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Day return to Chartres, please

What are you going to do today? What do you want (really, really want) to do with tomorrow? If you're like me, you'll have a few vague ideas and a masterly gift for not really doing anything, except watching junk television, getting irritated because there's nothing in the papers and rueing the passing of another summer's day.

But at the risk of sounding like one of those hyped-up self-motivation books, there's so much you can pack into a day. Take travel for instance. In a single day, you could catch a train to somewhere beautiful or interesting or quirky, not only in this country but on the continent as well, and still be back in your own bed in time for the late-night shipping forecast.

So imagine fast-forwarding yourself to tomorrow afternoon and finding yourself in a caf#233; in the warm French sunshine, a cold drink resting on a Gauloise table mat, a tricolour sleeping on a flagpole in a provincial town square, a massive cathedral filling the horizon.

That's part of what I found when I went in search of what could be done in a day, starting off at Waterloo Station in London and taking a daytrip to the cathedral city of Chartres. Leaving London just before half-seven in the morning, I caught a Eurostar to Paris, where I changed trains and arrived in Chartres soon after one o'clock.

I'll spare you the trainspottery details, but it meant that without any queuing or hassle I arrived in Chartres, about 50 miles outside Paris, with six hours or so to explore the town before making the return journey to London.

Chartres itself is a fairly small, fairly ordinary northern French town, but what makes it a place for visitors from around the world is its spectacular cathedral, one of the acknowledged masterpieces of Gothic art. I get my first view of this massive piece of medieval masonry from the train window, a sight that impresses both for its beauty and its sheer bulk, rising up high above the rooftops of the town.

What makes architecture fans so excited about Chartres is its purity of design - while many medieval cathedrals have become a hotch-potch of alterations and renovations, Chartres has much of its original shape intact. Built between 1194 and 1260 (a mere blink of the eye in cathedral-building terms), the Cathdrale Notre-Dame has survived religious schisms, world wars, plans by French revolutionaries to blow it up and 700 years' worth of visitors.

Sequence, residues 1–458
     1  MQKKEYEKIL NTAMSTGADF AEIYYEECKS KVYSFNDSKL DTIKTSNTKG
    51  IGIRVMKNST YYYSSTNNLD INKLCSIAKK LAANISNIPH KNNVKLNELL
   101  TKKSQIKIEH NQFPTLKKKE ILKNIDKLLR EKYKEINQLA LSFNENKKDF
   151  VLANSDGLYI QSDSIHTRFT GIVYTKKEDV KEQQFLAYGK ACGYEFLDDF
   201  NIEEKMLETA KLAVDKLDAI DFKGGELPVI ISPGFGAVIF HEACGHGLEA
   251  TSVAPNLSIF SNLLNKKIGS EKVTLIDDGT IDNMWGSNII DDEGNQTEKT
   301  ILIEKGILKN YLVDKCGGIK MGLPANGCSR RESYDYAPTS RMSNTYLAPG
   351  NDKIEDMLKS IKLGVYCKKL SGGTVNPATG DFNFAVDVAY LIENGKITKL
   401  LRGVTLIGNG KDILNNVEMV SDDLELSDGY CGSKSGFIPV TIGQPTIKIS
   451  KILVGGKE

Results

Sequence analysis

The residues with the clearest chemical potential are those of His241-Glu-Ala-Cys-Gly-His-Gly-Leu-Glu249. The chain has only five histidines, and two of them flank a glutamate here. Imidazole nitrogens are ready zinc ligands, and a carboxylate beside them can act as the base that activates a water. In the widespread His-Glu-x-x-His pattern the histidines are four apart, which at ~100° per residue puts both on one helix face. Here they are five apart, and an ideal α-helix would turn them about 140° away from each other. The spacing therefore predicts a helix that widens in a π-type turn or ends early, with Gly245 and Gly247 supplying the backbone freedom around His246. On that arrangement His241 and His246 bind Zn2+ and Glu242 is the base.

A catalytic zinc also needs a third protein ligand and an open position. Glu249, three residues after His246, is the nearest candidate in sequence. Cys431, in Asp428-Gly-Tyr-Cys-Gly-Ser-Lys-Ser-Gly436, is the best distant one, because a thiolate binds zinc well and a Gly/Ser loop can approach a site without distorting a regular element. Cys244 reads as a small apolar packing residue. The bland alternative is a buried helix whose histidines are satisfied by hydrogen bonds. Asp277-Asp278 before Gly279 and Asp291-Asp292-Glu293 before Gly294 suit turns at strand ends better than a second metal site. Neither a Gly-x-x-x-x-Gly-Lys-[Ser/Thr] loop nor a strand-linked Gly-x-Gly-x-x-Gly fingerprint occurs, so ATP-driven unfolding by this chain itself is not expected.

Walking around the cathedral on a sunny July afternoon, it's a remarkably soothing sight, combining huge space and delicate detail, with high columns, towering vaulted ceilings and a stream of blue light coming from a ring of stained-glass windows.

The cathedral alone is worth the daytrip, but if you still have a hunger for culture, there's an art gallery and an old town to walk around. But if your hunger points you in a more temporal direction, as mine did, there are caf#233;s, bars and restaurants in the town centre, filled with people unhurriedly watching the day pass.

Half the fun of travelling is taking note of the small details of life and as I sit, watching the traffic, I notice that as well as being famous for its cathedral, Chartres, in a burst of civic pride, has the most modern-looking, space-age traffic lights and pelican crossings that I've ever seen.

As I admire the design, there's a squeal of brakes and the sound of horns,as a combination of cars and pedestrians ignore the style-conscious lights and just miss each other. Then five minutes later it happens again.And then again. I take a perverse pleasure in this, observing the locals' indifference to the new signals and the super-smooth road layout.

Having dipped my toe in the everyday life of another town, I head back to the station and the Paris train, reaching London as the pubs are emptying. While Londoners stagger out of their locals, I feel rather smugly that I've made something of the day.

Eurostar. Tel: 0345 303030

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